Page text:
Now that the Emergencies Act has been invoked, I find myself filled with sudden awe at our glorious prime minister’s handling of the fascist convoy crisis and want to Peng Shuai any previous comments that might be misunderstood in this context. However, something COVID-connected is still bothering me: namely, why we haven’t taken obvious, readily available steps to increase our health-care “capacity” over the last three decades. What if we’re not able to open up the system instead of taxpayers’ wallets because we’re not able to open up our minds?
In another publication, somebody who looks and sounds oddly like me recently cited somebody who looks and sounds like this publication’s Matt Gurney claiming that for all their meddlesome pretensions, governments in Canada are less tyrannical than feeble. Which called to mind, mine at least, Richard Nixon’s warning about the United States becoming a “pitiful, helpless giant,” if its government lost the will to act in ways it clearly could.
Including when it comes to “hospital capacity.” If you listen to the CBC or the Globe and Mail you know Canadian socialized medicine has been in a crisis for at least three decades and can be fixed by insisting that there is no crisis and that it can be fixed by doing more of what already failed. Which by remarkable coincidence, the powers-that-be have been saying ever since the waiting lists that didn’t exist became things that soon would not exist around 1991.
In any unfortunate country whose leaders were not world-historic, a skeptical press would question this blather. Luckily, as Trudeau stated on Tuesday, “Wherever the Maple Leaf flies, it is a symbol of the shared values that unite us as Canadians — freedom, peace, justice, equality, openness, diversity and generosity.” Uh, except on the New Zealand legislature grounds. But again I digress, dizzy at having Chairman Trudeau continuing to “keep working to make Canada more inclusive.”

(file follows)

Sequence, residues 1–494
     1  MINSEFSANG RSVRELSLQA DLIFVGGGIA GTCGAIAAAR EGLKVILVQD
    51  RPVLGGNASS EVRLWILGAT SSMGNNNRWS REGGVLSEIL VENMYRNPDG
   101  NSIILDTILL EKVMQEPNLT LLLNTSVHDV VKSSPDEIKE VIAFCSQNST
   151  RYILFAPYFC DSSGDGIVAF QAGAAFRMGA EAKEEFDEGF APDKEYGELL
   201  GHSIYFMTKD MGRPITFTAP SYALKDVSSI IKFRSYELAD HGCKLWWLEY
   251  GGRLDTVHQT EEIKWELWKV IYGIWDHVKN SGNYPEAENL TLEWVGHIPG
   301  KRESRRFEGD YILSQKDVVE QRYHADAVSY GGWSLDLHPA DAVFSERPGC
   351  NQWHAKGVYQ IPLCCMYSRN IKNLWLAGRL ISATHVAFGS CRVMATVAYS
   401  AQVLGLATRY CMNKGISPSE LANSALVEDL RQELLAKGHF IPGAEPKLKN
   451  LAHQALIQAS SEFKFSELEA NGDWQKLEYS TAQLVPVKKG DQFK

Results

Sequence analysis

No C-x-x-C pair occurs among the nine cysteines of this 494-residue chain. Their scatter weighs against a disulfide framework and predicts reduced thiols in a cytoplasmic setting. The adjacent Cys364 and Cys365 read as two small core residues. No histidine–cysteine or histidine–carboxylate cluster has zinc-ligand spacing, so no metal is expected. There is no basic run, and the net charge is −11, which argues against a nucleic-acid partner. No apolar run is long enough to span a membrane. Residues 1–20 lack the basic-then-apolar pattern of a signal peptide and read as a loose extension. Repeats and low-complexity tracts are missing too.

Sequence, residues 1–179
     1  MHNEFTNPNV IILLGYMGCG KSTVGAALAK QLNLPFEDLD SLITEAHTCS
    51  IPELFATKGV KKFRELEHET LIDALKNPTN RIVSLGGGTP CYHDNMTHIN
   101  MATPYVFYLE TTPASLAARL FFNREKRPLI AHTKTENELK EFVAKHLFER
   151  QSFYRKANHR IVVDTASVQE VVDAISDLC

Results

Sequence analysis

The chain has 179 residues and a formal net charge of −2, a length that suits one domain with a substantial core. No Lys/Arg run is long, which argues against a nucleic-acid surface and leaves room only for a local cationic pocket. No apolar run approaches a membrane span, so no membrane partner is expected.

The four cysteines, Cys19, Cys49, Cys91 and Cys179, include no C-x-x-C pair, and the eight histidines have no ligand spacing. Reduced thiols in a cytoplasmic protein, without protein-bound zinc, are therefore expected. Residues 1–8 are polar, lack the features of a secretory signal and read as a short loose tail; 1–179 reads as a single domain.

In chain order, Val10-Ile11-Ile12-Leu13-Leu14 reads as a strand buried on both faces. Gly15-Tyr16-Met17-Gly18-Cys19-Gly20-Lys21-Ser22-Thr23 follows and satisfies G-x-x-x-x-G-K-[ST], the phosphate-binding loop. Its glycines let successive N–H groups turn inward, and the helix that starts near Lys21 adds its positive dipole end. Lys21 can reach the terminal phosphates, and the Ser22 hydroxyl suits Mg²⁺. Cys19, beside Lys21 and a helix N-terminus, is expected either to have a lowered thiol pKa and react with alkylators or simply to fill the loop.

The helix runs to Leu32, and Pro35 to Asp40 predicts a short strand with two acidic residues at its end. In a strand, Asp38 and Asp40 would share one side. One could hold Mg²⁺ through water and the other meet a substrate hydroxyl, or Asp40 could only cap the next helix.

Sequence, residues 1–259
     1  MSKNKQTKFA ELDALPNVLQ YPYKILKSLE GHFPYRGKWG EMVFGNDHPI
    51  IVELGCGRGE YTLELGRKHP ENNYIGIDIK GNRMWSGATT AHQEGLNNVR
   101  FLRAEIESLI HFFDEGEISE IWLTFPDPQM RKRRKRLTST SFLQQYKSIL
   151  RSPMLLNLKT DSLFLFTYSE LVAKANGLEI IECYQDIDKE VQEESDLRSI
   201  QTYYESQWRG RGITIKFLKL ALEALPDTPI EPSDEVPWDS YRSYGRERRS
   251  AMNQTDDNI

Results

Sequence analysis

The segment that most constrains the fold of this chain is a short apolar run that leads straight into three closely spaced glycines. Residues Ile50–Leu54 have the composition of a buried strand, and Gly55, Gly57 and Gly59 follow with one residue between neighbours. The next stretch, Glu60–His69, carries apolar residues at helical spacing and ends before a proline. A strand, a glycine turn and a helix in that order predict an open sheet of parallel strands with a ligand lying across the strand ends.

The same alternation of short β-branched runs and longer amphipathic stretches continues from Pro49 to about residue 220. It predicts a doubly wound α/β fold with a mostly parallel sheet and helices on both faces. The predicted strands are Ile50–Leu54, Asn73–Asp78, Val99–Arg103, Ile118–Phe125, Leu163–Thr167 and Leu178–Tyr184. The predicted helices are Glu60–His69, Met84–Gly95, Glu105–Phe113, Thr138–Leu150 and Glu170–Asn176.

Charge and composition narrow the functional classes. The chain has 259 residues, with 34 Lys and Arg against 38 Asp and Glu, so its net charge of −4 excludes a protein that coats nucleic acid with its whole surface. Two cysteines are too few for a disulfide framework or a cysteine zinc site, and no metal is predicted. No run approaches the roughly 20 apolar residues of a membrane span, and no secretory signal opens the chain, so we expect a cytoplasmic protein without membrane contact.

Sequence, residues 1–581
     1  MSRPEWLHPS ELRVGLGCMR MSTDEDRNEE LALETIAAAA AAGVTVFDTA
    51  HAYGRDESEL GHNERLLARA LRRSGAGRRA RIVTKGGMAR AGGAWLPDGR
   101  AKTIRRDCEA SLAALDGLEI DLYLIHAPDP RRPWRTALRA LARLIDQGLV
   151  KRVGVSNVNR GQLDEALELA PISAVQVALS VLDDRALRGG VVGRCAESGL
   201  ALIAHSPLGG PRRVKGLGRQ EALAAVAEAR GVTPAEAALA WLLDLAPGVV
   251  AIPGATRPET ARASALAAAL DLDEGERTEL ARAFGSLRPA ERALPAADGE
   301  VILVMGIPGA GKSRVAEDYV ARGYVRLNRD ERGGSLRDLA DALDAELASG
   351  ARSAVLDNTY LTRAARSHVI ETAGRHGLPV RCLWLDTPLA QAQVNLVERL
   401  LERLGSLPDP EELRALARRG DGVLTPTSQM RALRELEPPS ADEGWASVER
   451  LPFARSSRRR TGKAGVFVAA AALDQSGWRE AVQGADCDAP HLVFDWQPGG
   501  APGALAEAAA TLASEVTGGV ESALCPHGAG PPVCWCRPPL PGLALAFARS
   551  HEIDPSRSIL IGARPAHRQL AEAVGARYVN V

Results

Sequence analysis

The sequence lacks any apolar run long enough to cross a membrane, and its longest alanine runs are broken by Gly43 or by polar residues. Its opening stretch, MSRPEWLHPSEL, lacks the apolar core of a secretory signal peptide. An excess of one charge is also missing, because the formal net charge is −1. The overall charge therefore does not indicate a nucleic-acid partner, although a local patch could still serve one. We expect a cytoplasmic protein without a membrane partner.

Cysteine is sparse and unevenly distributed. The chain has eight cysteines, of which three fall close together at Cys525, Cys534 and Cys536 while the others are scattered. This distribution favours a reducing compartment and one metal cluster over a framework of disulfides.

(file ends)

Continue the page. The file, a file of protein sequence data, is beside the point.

Still, in my weak moments, I am haunted by this thought: What if Canadian governments have at their disposal, right now, all the tools they need to fix health care but are mentally and morally paralyzed? What if, as in so many policy areas, they were paralyzed by having long since adopted the habit of mistaking words for deeds and wishes for horses? What if all that talk of truth being relative had entered our politicians’ souls, so they saw all problems as merely public relations or, as the deconstructionists put it, “competing narratives,” all in the mind, not actual situations existing in reality?
Aaaaaagh! I confess! My thoughtcrime is much worse. I still believe incentives matter. I believe our health-care system serves patients and practitioners alike so badly because our politicians are wrong to think they can repeal the law of supply and demand as easily as the law requiring a court order before seizing assets. I even dispute their conviction that free market principles are a choice, and a malevolent one, not an accurate observation of how the world and its inhabitants actually function.
Again, I realize we are in the process of creating the New Canadian Human, and when the transition from socialism to sexy-sockunism is complete, we shall be done with such shabby considerations as consumer satisfaction, “voice” and the hideous “exit option.” But, and may Trudeau forgive me (no, really), what if we’re not there yet? What if our whole health-care system is built on a fantasy we can’t fix because so is our whole system of government?
I know it sounds absurd. But what if, to take an entirely hypothetical example, we thought we could turn a mostly peaceful, mostly cheerful protest under the Canadian flag into a tiny Confederate-Nazi national insurrection just by calling it one? Or banish foreign aggression just by calling ourselves a “moral superpower”? Or “fix health care for a generation” by throwing money we don’t have down a rathole we do? Obviously it would be as silly as trying to think Justin the Great out of the prime ministership with a “Memorandum of Understanding.” But the disquieting reality is it would explain a lot.
Including why, with so many obvious options for ensuring universal affordable medical coverage in place in other civilized countries, we instead worship five magical “pillars” in an undisclosed Ottawa location.